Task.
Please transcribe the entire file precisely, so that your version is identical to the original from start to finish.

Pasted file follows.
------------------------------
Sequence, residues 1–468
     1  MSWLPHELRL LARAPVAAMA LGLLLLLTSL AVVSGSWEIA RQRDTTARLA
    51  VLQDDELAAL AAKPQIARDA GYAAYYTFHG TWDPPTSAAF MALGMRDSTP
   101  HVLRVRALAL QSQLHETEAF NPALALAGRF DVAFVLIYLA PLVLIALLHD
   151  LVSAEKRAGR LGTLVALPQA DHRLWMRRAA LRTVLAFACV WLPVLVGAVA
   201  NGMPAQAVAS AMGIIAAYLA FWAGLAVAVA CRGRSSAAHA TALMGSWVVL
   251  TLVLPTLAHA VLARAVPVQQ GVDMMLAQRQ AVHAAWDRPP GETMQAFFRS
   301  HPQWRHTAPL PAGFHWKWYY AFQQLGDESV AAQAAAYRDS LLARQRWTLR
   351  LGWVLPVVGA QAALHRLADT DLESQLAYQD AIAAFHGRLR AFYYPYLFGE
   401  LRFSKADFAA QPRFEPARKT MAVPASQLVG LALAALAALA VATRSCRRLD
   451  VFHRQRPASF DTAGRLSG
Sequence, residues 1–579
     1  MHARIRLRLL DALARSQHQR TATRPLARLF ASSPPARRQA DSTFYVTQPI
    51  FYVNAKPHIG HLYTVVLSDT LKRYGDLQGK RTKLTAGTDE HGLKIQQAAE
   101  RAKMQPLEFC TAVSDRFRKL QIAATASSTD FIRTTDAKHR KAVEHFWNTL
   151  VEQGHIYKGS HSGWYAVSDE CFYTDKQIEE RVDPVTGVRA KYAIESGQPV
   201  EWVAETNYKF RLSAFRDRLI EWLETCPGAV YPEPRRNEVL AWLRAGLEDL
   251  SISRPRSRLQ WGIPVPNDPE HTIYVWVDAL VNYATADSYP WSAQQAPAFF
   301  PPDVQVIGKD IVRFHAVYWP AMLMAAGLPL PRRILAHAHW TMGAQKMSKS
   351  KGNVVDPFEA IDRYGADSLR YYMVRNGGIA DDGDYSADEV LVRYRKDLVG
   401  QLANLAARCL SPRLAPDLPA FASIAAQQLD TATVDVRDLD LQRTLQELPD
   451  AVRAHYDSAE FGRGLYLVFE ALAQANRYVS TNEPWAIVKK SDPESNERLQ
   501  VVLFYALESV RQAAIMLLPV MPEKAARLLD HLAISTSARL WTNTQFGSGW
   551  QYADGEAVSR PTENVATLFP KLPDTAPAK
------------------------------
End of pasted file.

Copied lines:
Sequence, residues 1–468
     1  MSWLPHELRL LARAPVAAMA LGLLLLLTSL AVVSGSWEIA RQRDTTARLA
    51  VLQDDELAAL AAKPQIARDA GYAAYYTFHG TWDPPTSAAF MALGMRDSTP
   101  HVLRVRALAL QSQLHETEAF NPALALAGRF DVAFVLIYLA PLVLIALLHD
   151  LVSAEKRAGR LGTLVALPQA DHRLWMRRAA LRTVLAFACV WLPVLVGAVA
   201  NGMPAQAVAS AMGIIAAYLA FWAGLAVAVA CRGRSSAAHA TALMGSWVVL
   251  TLVLPTLAHA VLARAVPVQQ GVDMMLAQRQ AVHAAWDRPP GETMQAFFRS
   301  HPQWRHTAPL PAGFHWKWYY AFQQLGDESV AAQAAAYRDS LLARQRWTLR
   351  LGWVLPVVGA QAALHRLADT DLESQLAYQD AIAAFHGRLR AFYYPYLFGE
   401  LRFSKADFAA QPRFEPARKT MAVPASQLVG LALAALAALA VATRSCRRLD
   451  VFHRQRPASF DTAGRLSG
Sequence, residues 1–579
     1  MHARIRLRLL DALARSQHQR TATRPLARLF ASSPPARRQA DSTFYVTQPI
    51  FYVNAKPHIG HLYTVVLSDT LKRYGDLQGK RTKLTAGTDE HGLKIQQAAE
   101  RAKMQPLEFC TAVSDRFRKL QIAATASSTD FIRTTDAKHR KAVEHFWNTL
   151  VEQGHIYKGS HSGWYAVSDE CFYTDKQIEE RVDPVTGVRA KYAIESGQPV
   201  EWVAETNYKF RLSAFRDRLI EWLETCPGAV YPEPRRNEVL AWLRAGLEDL
   251  SISRPRSRLQ WGIPVPNDPE HTIYVWVDAL VNYATADSYP WSAQQAPAFF
   301  PPDVQVIGKD IVRFHAVYWP AMLMAAGLPL PRRILAHAHW TMGAQKMSKS
   351  KGNVVDPFEA IDRYGADSLR YYMVRNGGIA DDGDYSADEV LVRYRKDLVG
   401  QLANLAARCL SPRLAPDLPA FASIAAQQLD TATVDVRDLD LQRTLQELPD
   451  AVRAHYDSAE FGRGLYLVFE ALAQANRYVS TNEPWAIVKK SDPESNERLQ
   501  VVLFYALESV RQAAIMLLPV MPEKAARLLD HLAISTSARL WTNTQFGSGW
   551  QYADGEAVSR PTENVATLFP KLPDTAPAK